Paul’s unique customer service for the LGBTIQA+ community

28 January 2020
Op shop volunteer Paul

Growing as a volunteer

Paul ‘lives and breathes’ all things Fitzroy – he enjoys the north side’s lively eclectic bars and restaurants, the street art covering the narrow backstreets, but more importantly he is passionate about the op shop he volunteers at on Brunswick Street.

One of two Sacred Heart Mission op shops in the Fitzroy area, Paul says the second-hand haven is diverse, welcoming and community minded, but has also supported his growth as a volunteer.

After being diagnosed with HIV at age 46, living with mental health issues, dyslexia and bouts of homelessness, Paul explains he has endured his fair share of trauma.

When Paul first began volunteering at the store, he limited his use of technology as well as interaction with staff and other fellow volunteers.

He slowly began to interact with customers during his shifts and Paul soon developed the courage to leave the back room to instead merchandise the store and its window displays.

A welcoming environment for the LGBTIQA+ community

His window displays include ‘loud and proud’ visual creations celebrating important LGBTIQA+ community events such as ‘Wear It Purple Day’ and Pride Week, which is something Paul is passionate about, as he has a long history with Melbourne’s drag community.

Through designing the window displays and working on the floor Paul’s customer rapport building, along with this confidence, grew.

While Paul worked on making the shop a welcoming and inclusive environment for the community, he realised he could extend that through his unique customer service.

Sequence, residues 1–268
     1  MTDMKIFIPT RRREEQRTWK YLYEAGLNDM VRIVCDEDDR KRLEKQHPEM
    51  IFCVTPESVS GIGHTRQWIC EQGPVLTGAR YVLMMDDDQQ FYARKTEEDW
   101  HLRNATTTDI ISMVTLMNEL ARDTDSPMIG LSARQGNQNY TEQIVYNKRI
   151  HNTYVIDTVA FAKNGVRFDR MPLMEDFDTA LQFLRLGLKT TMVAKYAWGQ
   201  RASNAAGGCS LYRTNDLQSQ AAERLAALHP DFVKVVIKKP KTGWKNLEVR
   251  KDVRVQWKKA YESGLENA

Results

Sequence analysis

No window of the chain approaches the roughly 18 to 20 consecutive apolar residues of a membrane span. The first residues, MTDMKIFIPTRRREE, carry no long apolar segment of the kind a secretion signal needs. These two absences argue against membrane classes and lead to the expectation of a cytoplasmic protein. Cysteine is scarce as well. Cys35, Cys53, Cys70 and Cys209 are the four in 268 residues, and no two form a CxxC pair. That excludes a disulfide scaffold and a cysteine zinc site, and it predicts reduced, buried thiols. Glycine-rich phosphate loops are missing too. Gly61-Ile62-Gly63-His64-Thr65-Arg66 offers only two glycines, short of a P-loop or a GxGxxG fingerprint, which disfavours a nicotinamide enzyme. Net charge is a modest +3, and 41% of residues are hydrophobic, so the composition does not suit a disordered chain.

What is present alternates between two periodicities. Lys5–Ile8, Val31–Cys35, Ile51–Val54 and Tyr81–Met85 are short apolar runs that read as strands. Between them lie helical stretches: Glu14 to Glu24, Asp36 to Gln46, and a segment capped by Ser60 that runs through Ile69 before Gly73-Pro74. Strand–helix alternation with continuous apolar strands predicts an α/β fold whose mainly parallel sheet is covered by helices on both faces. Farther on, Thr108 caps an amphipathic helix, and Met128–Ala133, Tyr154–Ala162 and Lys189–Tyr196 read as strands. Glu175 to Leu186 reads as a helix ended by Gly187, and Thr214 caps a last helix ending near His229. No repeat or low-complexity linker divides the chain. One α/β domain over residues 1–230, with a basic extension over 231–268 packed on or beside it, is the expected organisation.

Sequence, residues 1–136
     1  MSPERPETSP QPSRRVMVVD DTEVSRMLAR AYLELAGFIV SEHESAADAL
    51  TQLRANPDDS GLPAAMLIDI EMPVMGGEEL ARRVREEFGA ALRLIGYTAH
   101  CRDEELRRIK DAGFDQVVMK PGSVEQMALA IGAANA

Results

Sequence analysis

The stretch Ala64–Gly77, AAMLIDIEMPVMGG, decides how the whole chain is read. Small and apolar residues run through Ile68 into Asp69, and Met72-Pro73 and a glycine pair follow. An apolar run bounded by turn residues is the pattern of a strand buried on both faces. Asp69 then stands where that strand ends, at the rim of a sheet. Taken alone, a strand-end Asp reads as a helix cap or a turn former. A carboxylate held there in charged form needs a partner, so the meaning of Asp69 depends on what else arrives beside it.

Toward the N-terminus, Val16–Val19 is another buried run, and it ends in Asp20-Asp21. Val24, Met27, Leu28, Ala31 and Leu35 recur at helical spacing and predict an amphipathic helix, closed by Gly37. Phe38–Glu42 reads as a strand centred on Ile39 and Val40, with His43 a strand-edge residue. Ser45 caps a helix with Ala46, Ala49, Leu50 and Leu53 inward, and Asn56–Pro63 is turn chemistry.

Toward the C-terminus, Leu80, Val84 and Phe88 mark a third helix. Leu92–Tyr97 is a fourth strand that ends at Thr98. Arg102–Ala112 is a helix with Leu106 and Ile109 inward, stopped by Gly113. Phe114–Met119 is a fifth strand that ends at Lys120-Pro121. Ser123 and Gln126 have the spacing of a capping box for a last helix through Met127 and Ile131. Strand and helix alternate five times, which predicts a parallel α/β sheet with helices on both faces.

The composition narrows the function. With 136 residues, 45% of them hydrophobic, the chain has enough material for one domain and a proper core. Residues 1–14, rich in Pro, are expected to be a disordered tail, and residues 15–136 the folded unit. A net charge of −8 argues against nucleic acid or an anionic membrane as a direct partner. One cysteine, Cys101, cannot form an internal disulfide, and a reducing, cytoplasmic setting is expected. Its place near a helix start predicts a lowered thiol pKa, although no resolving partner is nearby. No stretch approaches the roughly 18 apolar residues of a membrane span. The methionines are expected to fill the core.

Op shop staff member dressed as a drag queen

Assisting people on their transitioning journey

“I met a customer one day who looked lost in the store,” Paul explains. “When I started a conversation with them, I realised they wanted to dress in the other genders clothing style, but didn’t know where to start. They felt self conscious and a little out of their depth. I wanted to make them feel safe and free to shop from any clothing rack.”

Since then Paul has been advising and helping transgender people in the store, by styling and dressing them because he explains when people are transitioning, dressing in the other genders fashion style is often the first stage of their journey.

Greeting the customer at the door with a beaming smile, Paul says he starts with the person’s preferred pronouns, their name and how they would like to dress, which makes the Fitzroy op shop much more than a second-hand store.

“I explain to people everyone has different body shapes, sizes and styles,” Paul says.

“Some people don’t know their size in the other genders garments and need to understand bust, or shoulder width and the length of a dress or shirt on them.

“I teach them how to visualize what a garment would look like on themselves while their browsing through the racks.”

Paul gives his full attention to customers so they feel safe and their privacy respected and one of the ways he tries to do this is by setting up a clothing rack outside the dressing rooms while the customer is trying garments on.

“It takes patience, trust and a welcoming environment to connect with my customers,” he says.

The customer walks away with a bag full of purchased second-hand garments that are not only helping others, but also themselves.

“His commitment to helping people who are transitioning to find the right clothing is something to be admired,” Fitzroy Store Coordinator Damian says.

The community our Brunswick Street store has entered only after a few years of opening is something that we’re extremely proud of. The op shop fits right in and its customers always find an outfit that’s perfectly fitting.